Mike Shaver has done as much as anyone on the planet over the last ten years to make and keep the Web open, free, and awesome. That’s no joke, not a typo, not an exaggeration. The guy has done a lot, and I’m incredibly thankful for his contributions — they’ve just been astonishingly broad, durable & meaningful.
He announced today that he’s leaving Mozilla after working there the past 6 years in a variety of roles (and he’s been involved even longer, since before Mozilla.org even existed). His absence will be felt acutely by everyone, I think, but his fingerprints are all over the place, and all over the project, and they will be forever – the way Mike thinks is pretty well part of the DNA of the company and project.
On a personal level, I really liked working with Mike – he’s smart and humble (sometimes!) and thoughtful – he routinely challenged (and continues to challenge) the way that I thought about problems both on a micro level and more importantly at web scale. He’s been involved in too many technology strategy decisions to count, always working for the betterment of the open web, even when it was inconvenient for him and Mozilla. (or maybe especially then!)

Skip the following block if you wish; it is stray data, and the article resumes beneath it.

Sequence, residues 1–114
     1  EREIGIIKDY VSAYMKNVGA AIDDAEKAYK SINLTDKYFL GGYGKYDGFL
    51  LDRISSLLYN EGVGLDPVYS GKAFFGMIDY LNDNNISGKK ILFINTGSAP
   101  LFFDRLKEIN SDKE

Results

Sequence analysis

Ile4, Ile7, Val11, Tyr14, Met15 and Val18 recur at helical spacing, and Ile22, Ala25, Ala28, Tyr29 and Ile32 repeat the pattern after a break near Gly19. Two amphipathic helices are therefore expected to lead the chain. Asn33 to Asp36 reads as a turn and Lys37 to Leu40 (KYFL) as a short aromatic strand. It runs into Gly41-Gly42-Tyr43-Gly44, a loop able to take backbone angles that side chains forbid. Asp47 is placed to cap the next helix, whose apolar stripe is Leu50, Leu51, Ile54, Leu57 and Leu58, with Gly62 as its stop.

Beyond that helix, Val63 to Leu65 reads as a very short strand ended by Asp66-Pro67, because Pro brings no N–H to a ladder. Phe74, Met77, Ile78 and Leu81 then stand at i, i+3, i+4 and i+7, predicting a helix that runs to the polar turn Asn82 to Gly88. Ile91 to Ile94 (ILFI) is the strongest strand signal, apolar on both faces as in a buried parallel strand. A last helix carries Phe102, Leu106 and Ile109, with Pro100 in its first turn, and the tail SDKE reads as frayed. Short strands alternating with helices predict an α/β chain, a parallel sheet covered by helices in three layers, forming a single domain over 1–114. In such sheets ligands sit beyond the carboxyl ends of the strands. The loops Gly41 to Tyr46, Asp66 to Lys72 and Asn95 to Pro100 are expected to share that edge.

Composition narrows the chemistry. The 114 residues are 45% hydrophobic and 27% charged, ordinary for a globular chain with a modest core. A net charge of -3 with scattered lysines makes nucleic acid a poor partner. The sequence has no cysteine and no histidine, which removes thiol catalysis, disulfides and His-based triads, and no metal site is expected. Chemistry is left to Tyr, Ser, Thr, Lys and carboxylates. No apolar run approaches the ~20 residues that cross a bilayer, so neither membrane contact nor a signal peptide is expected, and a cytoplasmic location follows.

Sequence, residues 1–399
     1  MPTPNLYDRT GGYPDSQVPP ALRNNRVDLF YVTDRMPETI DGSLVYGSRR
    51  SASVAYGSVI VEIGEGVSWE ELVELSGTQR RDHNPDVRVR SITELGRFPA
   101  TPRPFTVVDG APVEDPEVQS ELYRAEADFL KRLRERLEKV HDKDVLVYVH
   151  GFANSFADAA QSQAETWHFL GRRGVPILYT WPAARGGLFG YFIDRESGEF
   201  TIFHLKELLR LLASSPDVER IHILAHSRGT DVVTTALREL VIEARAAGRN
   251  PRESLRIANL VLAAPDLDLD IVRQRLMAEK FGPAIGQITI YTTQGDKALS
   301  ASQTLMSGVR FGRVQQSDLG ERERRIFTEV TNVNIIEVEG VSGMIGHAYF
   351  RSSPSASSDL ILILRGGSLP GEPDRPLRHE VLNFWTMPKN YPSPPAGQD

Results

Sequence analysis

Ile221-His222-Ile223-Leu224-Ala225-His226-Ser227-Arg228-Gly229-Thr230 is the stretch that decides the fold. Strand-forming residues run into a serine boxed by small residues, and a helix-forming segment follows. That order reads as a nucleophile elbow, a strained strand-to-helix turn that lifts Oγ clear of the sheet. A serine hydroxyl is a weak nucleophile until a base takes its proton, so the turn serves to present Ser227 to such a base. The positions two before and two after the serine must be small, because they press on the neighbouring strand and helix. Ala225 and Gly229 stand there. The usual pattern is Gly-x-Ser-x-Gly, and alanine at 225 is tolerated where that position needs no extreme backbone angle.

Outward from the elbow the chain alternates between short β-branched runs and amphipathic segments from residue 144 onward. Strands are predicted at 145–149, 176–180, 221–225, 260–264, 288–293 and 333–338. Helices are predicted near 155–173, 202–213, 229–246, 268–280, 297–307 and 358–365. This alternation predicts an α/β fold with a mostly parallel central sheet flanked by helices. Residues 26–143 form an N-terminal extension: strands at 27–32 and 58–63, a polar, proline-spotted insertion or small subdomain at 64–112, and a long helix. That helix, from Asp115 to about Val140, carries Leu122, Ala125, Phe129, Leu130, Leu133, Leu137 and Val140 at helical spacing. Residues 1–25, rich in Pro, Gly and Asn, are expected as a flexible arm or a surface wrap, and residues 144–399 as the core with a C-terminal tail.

And he affected my framing of the problem deeply – I remember one day a couple of years back when we were talking about some market share point, thinking about how incredibly, insanely competitive the browser technology landscape was – and he said to me: “Look, this is the world we wanted. And this is the world we made.” Wow. Exactly right. He taught me so much about how enormous an impact a group of dedicated people can make.
I quote him a lot when I talk with entrepreneurs of all stripes. I say this: “Figure out the world you want, and go make it that way.” That’s the essence of entrepreneurship, and I think it’s the essence of Mike.
For my money, that’s the best advice anyone can give anyone else, and the best lesson I really, deeply learned from Mike.
Mozilla has been incredibly lucky to have amazing engineering management leadership over the past few years, from Schrep to Shaver and now Damon – just incredible leaders, and the loss of Mike will be obvious, although he’ll undoubtedly stay involved in the larger project.
But for myself, I just wanted to give Mike a very public thank you, and to say that I can’t wait to see what you do next.